The piece goes on to state that “executives at Kraft Heinz Co., Coca-Cola Co., Hershey Co. and other food giants have said they are trimming less-efficient and less-profitable products, while shelving some in development.”
With fewer product lines purchased by retailers, suppliers must ensure that those still regularly selling to big box stores are not subject to production or transportation issues. Manufacturers must meet retailers’ growing expectations to ensure that their more limited selection of products stays on the shelf.
Omnichannel Fulfillment is a Continuously Growing Retail Trend
With more spending happening digitally, retailers turn toward an omnichannel approach—integrating their various channels into a singular experience.
Click and pick options are becoming more popular, combing multiple purchasing channels into one transaction. Aside from added convenience for shoppers, this equates to more emphasis on a retailer’s supply chain and attention to out-of-stocks.
To effectively manage a successful omnichannel approach to commerce, retailers need products on hand for shoppers. That means increasing the stringency of compliance programs to incentivize suppliers from late or incomplete delivery.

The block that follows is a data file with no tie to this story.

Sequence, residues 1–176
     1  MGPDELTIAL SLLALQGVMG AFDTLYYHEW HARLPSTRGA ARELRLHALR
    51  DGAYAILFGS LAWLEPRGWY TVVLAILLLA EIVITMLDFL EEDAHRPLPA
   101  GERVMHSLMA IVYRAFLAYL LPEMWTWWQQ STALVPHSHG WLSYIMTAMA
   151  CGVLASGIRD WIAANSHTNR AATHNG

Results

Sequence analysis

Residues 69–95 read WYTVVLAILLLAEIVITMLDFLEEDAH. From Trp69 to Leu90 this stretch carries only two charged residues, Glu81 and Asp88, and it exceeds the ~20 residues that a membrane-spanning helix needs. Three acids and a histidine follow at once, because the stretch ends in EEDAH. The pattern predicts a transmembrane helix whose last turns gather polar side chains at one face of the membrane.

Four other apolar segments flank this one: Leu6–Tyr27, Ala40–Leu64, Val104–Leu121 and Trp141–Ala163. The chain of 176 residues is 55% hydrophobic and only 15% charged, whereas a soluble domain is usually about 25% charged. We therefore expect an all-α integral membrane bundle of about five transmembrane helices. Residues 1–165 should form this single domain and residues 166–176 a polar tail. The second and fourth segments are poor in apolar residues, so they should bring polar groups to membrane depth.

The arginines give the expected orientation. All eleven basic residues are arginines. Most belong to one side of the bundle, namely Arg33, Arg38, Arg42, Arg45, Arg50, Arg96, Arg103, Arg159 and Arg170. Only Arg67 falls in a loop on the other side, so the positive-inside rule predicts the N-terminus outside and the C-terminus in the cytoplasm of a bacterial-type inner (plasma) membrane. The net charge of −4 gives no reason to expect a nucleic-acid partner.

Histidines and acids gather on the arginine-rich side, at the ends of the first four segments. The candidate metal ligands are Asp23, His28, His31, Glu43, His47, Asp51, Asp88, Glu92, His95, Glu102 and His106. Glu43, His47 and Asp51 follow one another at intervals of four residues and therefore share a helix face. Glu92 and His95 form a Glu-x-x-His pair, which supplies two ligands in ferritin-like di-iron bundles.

Emphasis on eliminating out-of-stocks will not subside in the coming months, nor years. The conversation around them will likely grow in intensity as more retailers adopt an omnichannel approach to accommodate consumers’ changing expectations.
Work with a Specialized Logistics Partner to Succeed in the Face of New Retail Trends
As the supply chain becomes an increasingly more prominent part of the recipe for success in the CPG world, it will continue to pay to work with specialized providers to help brands strategize to meet retailers’ expectations.
Zipline is comprised entirely of retail logistics experts who work with suppliers on a consultative level to exceed the expectations of retail customers. Brands that have a retail optimized supply chain can leverage their successes to increase exposure and facilitate growth.
Want to see what Zipline can do for you? Reach out to discuss our retail-driven brand transportation strategies today.